The well-known economist Milton Friedman said something that is near and dear to my heart. It resonates on many levels and aligns with our right to refuse unsafe work and our duty to ignore and attempt to change stupid or shortsighted laws.
“One of the great mistakes is to judge policies and programs by their intentions rather than their results”
A great multitude of what is contained in the Canadian Aviation Regulations (CARs) springs to mind when I read what he has to say. While well intentioned, and not completely out to lunch, the CARs spend so much of their time trying to regulate all aviation activity as if it’s the same, they continuously fall short and interfere with good and sound practices. I really have no idea why it’s considered reasonable, by some, to treat certain aspects of aviation the same if the aircraft is a 500-passenger A380 or a one-passenger R22. The regulator tends to fall back on the number of people involved with 705 operations, and the regulations created around them, as if it’s representative of all aviation. That is to say, if the airlines can handle it, so can we – and we’re small
An examination of 705 vs. 702 and 703 tells a different story, with a magnitude of difference in the number of aircraft operating, but the people who make the rules will simply say this is true but “Good Lord, look at the incident and accident rate.” Of course, I would hope that any thinking person recognizes that the exposure and risk in helicopter 702 and 703 operations is much higher than in 705, where you have to pause well back from the gate until somebody with an orange flashlight tells you it’s ok. But, the whole idea of exposure seems to be misunderstood or at least it’s an afterthought.
There are a couple of seeming rebels in Canada today that are challenging the regulator at every turn. They point out, constantly, that the rules do not make sense in many cases. For example, the regulator says all carry-on luggage must be stowed in approved locations. The rebels demand to know where those locations are in small rotorcraft and hypothesize reasonable scenarios that operators, in fact, do every day. These scenarios cannot meet the regulations as written, and the regulator threatens crackdowns if they catch us doing what has been a safe practice in the industry for more than 60 years. In fact, the crackdowns are happening and many operators are suffering, but I think these rebels should continue, as in the end, common sense must prevail.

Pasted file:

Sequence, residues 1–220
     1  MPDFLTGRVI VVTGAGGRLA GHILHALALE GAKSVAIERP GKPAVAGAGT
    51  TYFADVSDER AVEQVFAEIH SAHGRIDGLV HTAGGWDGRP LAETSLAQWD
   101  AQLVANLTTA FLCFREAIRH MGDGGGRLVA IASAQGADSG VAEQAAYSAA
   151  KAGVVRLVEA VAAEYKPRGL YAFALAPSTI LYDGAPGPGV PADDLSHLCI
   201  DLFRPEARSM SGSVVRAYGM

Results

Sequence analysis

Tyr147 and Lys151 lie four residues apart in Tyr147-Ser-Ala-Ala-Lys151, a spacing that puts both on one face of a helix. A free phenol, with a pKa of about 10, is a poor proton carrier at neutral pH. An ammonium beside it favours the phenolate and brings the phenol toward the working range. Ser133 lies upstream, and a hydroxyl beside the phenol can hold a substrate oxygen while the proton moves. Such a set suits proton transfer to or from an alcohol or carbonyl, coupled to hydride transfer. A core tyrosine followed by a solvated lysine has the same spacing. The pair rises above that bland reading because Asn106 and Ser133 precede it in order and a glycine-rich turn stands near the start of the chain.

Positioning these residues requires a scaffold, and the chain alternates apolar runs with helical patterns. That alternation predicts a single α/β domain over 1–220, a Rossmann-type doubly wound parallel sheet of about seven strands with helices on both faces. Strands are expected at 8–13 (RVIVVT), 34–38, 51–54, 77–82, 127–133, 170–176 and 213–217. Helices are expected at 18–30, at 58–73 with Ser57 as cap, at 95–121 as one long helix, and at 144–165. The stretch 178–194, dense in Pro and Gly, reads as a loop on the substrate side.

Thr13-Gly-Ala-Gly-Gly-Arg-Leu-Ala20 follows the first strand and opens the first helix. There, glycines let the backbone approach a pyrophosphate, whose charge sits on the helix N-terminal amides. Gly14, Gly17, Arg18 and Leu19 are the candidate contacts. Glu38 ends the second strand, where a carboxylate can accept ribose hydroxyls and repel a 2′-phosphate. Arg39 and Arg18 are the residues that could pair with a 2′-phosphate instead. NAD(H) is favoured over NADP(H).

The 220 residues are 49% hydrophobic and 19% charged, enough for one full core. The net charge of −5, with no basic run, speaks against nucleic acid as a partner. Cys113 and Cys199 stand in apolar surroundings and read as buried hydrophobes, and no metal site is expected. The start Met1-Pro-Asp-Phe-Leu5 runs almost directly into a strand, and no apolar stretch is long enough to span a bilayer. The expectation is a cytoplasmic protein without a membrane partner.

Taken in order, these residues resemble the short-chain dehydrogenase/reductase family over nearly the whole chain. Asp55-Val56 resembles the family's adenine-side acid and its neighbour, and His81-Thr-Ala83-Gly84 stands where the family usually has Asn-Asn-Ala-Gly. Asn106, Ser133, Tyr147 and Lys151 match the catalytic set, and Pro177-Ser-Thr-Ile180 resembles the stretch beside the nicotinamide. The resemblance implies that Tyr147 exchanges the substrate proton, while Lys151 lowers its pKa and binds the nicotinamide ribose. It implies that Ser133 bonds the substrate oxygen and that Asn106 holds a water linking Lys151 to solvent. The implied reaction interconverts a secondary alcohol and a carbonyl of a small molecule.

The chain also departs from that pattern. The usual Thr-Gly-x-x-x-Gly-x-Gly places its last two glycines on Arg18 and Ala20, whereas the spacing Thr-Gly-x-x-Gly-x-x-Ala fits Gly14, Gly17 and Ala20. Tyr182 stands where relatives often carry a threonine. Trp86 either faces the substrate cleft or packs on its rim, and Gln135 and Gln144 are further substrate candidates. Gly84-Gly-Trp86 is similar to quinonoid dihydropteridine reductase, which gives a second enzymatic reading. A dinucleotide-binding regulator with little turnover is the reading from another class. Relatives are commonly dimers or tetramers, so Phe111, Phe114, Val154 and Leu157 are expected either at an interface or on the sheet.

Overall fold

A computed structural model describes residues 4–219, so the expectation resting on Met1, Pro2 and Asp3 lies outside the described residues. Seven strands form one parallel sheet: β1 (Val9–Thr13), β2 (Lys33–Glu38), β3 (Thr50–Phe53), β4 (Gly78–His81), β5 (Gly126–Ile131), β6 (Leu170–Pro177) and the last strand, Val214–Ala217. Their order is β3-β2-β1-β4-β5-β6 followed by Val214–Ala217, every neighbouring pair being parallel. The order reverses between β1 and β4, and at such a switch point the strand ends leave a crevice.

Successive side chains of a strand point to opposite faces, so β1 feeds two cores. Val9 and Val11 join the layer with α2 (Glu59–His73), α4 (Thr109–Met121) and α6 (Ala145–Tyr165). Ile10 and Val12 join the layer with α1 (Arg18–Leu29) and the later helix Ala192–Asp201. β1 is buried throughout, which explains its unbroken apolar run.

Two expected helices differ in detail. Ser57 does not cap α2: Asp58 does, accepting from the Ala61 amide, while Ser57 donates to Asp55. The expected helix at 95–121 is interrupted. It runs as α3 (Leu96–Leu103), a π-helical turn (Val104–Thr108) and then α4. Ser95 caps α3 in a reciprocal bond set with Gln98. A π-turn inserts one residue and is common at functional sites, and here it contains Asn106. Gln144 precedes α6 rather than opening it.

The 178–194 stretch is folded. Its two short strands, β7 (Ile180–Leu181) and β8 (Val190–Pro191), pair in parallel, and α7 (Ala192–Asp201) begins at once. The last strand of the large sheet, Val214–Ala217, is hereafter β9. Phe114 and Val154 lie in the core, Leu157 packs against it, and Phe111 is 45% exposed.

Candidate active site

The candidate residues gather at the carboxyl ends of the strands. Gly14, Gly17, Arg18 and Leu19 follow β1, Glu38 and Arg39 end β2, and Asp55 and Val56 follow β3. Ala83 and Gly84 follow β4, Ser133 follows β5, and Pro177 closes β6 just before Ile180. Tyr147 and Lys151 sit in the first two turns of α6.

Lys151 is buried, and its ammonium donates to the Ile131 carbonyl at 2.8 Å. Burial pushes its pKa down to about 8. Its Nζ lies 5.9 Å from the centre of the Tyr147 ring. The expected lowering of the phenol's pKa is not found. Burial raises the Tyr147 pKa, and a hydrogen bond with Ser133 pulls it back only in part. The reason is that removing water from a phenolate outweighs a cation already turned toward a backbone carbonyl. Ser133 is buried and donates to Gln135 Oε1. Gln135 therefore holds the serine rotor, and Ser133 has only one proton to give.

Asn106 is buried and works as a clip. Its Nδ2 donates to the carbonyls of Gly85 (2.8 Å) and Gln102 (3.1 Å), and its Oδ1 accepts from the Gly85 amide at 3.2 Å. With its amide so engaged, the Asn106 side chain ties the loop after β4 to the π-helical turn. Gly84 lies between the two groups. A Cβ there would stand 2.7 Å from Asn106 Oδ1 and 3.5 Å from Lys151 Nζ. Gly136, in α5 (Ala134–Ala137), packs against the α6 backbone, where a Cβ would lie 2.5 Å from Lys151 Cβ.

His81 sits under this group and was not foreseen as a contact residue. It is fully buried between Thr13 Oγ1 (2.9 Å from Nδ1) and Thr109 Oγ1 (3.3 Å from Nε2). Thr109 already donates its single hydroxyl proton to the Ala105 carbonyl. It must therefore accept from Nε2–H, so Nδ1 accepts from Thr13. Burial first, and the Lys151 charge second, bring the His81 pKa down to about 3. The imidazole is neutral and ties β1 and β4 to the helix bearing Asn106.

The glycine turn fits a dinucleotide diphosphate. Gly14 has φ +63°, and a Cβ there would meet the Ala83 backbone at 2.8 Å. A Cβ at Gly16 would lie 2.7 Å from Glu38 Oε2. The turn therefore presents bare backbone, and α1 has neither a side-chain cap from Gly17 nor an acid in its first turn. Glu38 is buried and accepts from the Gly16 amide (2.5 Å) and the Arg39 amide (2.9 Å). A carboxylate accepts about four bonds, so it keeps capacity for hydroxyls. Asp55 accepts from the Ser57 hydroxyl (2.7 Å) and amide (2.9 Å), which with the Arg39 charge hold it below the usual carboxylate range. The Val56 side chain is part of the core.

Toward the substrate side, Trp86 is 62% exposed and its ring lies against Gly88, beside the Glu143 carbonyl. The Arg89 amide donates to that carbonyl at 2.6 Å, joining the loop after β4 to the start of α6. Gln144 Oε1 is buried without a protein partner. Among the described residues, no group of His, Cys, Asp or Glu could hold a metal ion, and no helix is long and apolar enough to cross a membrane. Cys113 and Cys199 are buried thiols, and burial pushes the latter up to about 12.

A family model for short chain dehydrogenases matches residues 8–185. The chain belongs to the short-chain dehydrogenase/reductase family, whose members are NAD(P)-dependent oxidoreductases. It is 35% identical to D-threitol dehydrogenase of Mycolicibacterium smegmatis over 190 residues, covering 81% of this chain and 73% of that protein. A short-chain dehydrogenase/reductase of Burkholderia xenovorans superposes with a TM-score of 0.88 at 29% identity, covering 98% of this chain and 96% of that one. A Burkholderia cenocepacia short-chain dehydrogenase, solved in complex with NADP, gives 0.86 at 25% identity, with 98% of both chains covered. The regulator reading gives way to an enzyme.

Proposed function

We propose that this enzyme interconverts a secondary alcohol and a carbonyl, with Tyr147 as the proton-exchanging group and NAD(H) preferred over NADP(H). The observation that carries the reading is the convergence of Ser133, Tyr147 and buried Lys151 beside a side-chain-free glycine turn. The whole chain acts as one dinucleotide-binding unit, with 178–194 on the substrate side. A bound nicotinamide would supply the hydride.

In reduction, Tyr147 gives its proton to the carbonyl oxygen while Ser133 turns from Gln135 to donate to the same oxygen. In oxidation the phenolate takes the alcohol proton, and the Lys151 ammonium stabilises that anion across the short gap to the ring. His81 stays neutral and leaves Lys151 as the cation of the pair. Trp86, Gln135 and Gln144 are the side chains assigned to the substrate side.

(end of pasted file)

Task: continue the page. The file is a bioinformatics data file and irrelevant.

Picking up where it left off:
It is unfathomable to me that we could possibly focus on carry-on luggage in helicopters as some kind of hot point. Having been involved with helicopter safety and the analysis of incidents and accidents for more than 10 years – without involvement or interest from any level of government – I am mystified as to why there would suddenly be a decision to treat helicopter operators as outliers that must be brought into normalcy. The fact that our business has not even a passing relation to the airlines (save for a few commuter operations that can comply with the regulations I am referring to) is lost on the people we are entrusting to safeguard our baseline of safety.
A Bell 205 has a paragraph in the Limitations Section of its Flight Manual dealing with internal cargo – so does the 212. Neither aircraft has any kind of “overhead bins” or “underseat stowage,” yet I know operators that have been written up by TC inspectors for having soft luggage restrained with seatbelts. The aircraft have been approved in Canada for many years and the fact they gained that approval with statements about cabin cargo ought to hold weight. Yet, it appears that the regulator has concluded this must mean an unsafe practice has been occurring all these years. Is it unreasonable to at least entertain the notion that there never has been an issue?
The recent Flight and Duty Time controversy is an outgrowth of this very same thought process. There are those with no knowledge of what occurs in an industry sector, who interpret the law as if all operations are equal. And while the standards should be equal, which I believe is indisputable, the application needs to be flexible. Two rows of overhead bins on a 767 are the same size as an R22, so who could possibly expect the same rules for both aircraft? The concept of equivalent level of safety needs to be embraced in this country, and the rebels need to keep up the pressure.
Corey Taylor is vice-president of Global Business and Product Development for Great Slave Helicopters.
In Praise of Rebels
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